So, the best course to rid the world of racism is a sort of cultural genocide? How is that going to make the situation any better? People should not have to give up their heritage so that morons will stop treating them with prejudice. I could never condone a person be forced to change who they are in an attempt to fit into a society.
zookap wrote:I think the trick to reducing the negative impact of groupism is... well.... to really just shut the fuck up about it. Again, someone's beliefs or even words can't do ANYTHING to you, only their actions. If someome is assaulted there is a problem, otherwise there isn't. Lately I've seen people going to great lengths to be offended by groupism, specifically by racism. I remember on the news there was a segment about an 'incident' in which someone got on the loudspeaker at Wal Mart and said "all black people need to leave the store." This idiotic prank got national attention and so did the black woman who began to cry and talk about how deeply upsetting that day had been. Was the news coverage really necessary? All it did was show people that racist words can somehow cause great inner pain to black people. All that should have happened is that the people in the store should have found it slightly amusing. Why give those actions so much undeserved power? If everyone had "just shut the fuck up" there would have been no negative impact from groupism that day. The worst example of everyone not just shutting up is the "N" word. It's just a WORD people. It is not a magic incantation designed to cause great pain upon utterance.
I think that stating anyone affected by groupism is at fault for the existence of groupism is certainly not a sentiment that should be encouraged. This is victim-blaming, plain and simple. It's on the same level as "If she didn't want to be raped, she shouldn't have worn a short skirt."
Furthermore, whether you like it or not, words do hold power. In the case of the "N" word and other racial slurs, its use represents the mistreatment of black people throughout the centuries. That's not something that's easily forgotten about. A few choice words can easily, and in most cases will, affect a person on an emotional level. That's an incredibly powerful thing to be able to do to someone. I think it's incredibly naive to expect anyone to be able to just shrug off negative sentiment expressed towards them, particularly when it's as relentless as groupism is. It's like a child chanting "Sticks and stones may break my bones, but words can never hurt me" in a desperate attempt to pretend that they're not getting hurt.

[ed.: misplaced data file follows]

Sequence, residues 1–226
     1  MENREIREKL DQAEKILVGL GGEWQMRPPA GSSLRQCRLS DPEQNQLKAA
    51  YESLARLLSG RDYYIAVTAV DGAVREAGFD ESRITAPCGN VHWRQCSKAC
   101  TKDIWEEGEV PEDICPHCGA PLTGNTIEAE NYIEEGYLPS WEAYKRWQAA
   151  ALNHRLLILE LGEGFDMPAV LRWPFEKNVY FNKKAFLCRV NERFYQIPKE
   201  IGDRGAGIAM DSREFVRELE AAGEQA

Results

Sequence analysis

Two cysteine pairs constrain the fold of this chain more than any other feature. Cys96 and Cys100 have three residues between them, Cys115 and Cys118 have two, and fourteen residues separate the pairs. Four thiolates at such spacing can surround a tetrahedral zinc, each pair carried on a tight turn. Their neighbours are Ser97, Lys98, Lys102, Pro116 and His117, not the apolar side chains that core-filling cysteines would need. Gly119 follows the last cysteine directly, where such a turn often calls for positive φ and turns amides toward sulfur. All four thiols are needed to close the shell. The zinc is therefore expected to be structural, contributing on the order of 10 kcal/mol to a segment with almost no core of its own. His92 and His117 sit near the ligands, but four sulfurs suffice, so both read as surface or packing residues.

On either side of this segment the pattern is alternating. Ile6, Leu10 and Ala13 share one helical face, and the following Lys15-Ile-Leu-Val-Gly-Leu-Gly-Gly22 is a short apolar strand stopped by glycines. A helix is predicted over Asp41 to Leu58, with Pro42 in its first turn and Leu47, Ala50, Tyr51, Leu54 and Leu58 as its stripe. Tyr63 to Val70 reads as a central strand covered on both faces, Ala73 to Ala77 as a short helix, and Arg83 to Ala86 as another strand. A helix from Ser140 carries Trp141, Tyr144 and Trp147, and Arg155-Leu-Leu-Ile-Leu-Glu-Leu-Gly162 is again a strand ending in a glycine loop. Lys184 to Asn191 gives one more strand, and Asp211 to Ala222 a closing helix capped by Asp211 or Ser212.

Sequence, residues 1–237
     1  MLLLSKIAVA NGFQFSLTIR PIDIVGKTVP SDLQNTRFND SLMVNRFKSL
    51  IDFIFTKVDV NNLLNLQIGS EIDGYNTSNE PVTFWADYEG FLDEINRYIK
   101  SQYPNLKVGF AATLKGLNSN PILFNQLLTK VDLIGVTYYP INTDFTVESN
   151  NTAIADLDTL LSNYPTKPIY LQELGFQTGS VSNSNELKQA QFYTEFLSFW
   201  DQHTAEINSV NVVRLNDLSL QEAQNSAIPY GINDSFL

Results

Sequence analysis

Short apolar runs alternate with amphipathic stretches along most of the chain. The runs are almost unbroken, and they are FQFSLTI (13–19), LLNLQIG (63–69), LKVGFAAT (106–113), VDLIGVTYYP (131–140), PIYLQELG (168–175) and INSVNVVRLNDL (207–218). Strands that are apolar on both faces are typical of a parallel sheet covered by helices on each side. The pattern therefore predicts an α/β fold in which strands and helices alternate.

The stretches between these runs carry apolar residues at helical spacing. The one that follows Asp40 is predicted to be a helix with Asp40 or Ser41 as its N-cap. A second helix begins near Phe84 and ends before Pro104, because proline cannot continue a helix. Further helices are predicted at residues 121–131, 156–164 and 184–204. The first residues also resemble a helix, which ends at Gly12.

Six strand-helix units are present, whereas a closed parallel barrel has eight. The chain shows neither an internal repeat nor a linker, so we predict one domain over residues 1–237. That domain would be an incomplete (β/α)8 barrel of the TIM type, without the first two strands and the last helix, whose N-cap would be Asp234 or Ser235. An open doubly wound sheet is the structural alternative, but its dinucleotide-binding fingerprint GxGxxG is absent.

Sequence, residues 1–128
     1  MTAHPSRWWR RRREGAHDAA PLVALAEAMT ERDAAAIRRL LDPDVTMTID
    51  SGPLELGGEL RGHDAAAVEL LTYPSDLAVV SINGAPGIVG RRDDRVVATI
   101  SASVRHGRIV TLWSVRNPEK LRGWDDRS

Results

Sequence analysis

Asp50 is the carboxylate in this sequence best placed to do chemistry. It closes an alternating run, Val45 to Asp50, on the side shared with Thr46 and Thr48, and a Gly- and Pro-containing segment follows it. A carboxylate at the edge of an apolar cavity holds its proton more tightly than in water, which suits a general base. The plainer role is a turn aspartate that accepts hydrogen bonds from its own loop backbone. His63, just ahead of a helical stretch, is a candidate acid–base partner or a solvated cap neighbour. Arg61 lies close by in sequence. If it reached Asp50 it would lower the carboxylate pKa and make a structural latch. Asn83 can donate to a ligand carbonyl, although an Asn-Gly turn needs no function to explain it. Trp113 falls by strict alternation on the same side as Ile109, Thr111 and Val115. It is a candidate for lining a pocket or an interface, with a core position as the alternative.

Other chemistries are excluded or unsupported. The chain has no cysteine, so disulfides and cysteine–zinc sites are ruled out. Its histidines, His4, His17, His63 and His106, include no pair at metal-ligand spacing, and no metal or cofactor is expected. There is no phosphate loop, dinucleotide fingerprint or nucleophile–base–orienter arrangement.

Another Tim Minchin quote which I think is particularly relevant here is "Sticks and stones may break my bones, but words can break hearts."
In my opinion, there's only two ways in which we ever have a chance to defeat groupism. One of these is to get rid of anything that leads to groupism. That is, turn the human race into a homogenous entity, discarding traits that make any one person different from the next. Just the idea of this makes me uncomfortable. I don't believe that destroying what makes the human race so wonderful, that we each have our own personality, our own attributes that make up who we are, is a solution at all.
The second, and much more favourable way to deal with groupism is to educate. Teach children that it is okay for someone to be different. Unfortunately, the cynic in me doesn't think this is a very realistic option, simply because there's no way to stop children being taught otherwise, if by parents or by other children.